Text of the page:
This past weekend, November 2-4, 2017, marked the seventeenth annual Winter Wheat writing festival held at Bowling Green State University and hosted by Mid-American Review, one of the two literary journals housed at the university.
I volunteered at Winter Wheat last November as part of my internship with Mid-American Review, but I would consider this year’s Winter Wheat to be the first writing conference I’ve attended. While I did volunteer again this year, I also attended some of the workshops and connected with so many of the other attendees.
Conferences can be tiring, but at the end of the event they are beyond rewarding. I leave this weekend more inspired than ever to not only continue writing and editing my current projects, but also to start new projects. The variety of workshop topics along with excellent tips and writing time being included in the workshops was one of the highlights of the weekend. The depths of both knowledge and fun that result from this enrich attendees, workshop hosts, and writings alike.
Another aspect that contributed to an amazing experience is the writing community. That’s a very vague statement, but let me explain. When writers meet, it’s a magical experience. Part of this stems from the size of the writing community. The community is vast, but it’s also small enough that you begin to see the same names around. For example, I met writers this weekend that I’ve seen on book covers and on Twitter and immediately recognized them.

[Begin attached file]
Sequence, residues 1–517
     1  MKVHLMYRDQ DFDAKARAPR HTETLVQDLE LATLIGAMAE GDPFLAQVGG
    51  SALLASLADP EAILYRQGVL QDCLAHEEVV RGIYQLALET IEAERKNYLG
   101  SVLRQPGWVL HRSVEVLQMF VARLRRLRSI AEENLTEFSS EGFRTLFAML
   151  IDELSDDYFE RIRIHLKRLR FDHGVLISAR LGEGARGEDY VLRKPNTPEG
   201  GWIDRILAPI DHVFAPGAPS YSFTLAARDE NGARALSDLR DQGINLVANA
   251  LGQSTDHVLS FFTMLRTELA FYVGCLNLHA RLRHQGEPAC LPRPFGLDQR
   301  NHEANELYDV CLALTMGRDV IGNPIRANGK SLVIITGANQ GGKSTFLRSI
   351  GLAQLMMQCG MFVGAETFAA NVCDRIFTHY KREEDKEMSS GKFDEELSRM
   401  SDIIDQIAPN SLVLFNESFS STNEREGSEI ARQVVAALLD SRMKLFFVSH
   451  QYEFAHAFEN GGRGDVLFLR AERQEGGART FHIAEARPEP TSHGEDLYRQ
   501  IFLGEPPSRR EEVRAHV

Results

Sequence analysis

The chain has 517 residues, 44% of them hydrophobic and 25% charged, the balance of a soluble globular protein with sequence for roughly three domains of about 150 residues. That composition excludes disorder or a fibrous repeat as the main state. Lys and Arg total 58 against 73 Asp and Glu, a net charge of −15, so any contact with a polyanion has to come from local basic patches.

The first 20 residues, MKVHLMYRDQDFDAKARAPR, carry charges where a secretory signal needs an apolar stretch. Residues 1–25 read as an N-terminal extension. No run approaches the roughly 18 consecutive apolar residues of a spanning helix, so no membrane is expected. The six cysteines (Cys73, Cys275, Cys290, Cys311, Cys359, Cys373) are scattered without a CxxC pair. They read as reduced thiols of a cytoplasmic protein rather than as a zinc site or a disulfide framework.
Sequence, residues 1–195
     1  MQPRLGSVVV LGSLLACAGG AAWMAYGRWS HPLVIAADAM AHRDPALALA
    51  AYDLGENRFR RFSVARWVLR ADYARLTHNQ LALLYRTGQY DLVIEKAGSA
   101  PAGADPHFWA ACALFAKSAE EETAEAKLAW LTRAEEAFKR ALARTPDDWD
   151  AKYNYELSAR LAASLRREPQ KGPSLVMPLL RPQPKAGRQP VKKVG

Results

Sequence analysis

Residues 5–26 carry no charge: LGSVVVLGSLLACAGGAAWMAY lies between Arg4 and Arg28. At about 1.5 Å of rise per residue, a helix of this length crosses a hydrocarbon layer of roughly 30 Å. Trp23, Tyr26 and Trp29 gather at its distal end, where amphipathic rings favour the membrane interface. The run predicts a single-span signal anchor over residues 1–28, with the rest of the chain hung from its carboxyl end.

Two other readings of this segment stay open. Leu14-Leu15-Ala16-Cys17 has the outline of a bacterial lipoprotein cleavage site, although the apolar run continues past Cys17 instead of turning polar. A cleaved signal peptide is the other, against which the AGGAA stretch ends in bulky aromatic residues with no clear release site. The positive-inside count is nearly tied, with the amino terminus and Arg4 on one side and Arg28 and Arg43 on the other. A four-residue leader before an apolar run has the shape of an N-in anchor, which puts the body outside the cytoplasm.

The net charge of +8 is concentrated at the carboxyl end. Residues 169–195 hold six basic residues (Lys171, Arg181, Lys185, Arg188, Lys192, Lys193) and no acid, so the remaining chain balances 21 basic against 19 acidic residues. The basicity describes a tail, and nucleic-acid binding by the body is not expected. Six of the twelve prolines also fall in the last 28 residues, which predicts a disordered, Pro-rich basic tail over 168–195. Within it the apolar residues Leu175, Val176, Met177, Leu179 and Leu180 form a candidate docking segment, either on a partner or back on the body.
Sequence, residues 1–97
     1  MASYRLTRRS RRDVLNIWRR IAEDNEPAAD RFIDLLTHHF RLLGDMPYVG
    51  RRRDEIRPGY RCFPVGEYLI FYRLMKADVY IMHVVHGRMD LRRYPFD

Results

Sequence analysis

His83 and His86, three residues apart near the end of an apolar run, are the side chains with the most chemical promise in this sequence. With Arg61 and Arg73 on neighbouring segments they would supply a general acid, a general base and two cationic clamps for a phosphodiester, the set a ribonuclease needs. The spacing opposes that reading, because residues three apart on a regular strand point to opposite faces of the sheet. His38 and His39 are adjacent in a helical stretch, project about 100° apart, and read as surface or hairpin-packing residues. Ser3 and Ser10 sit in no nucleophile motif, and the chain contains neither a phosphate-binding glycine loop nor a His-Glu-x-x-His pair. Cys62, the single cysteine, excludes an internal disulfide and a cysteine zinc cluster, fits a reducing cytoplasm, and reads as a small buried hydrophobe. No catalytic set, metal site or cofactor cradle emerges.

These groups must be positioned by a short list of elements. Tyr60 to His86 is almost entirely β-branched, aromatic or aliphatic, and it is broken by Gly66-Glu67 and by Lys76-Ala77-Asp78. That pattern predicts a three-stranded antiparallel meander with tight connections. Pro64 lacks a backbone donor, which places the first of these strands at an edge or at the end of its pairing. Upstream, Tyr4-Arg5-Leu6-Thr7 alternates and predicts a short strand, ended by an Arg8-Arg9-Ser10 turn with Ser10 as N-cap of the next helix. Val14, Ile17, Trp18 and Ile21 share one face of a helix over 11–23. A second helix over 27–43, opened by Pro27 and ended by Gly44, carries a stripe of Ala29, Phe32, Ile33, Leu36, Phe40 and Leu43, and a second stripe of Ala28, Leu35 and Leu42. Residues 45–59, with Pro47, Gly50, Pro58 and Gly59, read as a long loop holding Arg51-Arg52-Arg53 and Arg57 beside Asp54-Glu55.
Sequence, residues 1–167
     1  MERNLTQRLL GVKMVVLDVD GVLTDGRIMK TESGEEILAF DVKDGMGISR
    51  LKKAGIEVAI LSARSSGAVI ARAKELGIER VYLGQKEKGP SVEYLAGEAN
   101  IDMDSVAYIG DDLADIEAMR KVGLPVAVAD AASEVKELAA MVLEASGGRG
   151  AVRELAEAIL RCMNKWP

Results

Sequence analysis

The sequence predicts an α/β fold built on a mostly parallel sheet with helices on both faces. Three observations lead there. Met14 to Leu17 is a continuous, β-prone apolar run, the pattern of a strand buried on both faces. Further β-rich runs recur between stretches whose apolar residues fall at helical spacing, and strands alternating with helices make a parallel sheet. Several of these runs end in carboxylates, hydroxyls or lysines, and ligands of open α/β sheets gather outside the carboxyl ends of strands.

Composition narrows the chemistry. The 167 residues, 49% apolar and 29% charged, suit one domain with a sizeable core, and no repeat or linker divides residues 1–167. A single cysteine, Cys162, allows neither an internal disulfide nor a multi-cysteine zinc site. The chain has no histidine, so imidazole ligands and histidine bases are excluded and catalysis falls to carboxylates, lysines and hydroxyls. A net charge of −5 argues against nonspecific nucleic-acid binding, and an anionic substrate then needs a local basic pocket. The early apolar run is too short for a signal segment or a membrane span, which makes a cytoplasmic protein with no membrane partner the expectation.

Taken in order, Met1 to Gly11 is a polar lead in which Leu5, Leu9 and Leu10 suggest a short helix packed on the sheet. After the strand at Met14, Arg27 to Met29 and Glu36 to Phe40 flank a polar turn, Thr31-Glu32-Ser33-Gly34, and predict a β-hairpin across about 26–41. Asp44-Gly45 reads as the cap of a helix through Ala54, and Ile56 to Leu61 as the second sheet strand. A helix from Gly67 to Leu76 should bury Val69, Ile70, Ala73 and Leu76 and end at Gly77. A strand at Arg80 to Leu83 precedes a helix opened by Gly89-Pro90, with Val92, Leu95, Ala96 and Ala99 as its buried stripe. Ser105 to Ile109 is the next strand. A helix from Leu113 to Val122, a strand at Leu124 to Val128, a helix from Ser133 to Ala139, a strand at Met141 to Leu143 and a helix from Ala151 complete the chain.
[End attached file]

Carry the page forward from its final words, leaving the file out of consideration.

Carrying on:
The writing community, a phrase that is probably tiring as I continue to gush over my experiences this weekend, was also fun to dive deeper into as a myriad of literary journals attended the conference. It’s fun to see journals online, but seeing the variety in person sparked something in me that led to me now wanting to seriously submit to journals, whereas I previously had reservations.
Winter Wheat’s attendees hail from around the world and include students, professional writers, casual writers, and everyone in-between. This year’s guest readers were Theresa Williams, Colette Arrand, and Mary E. Weems.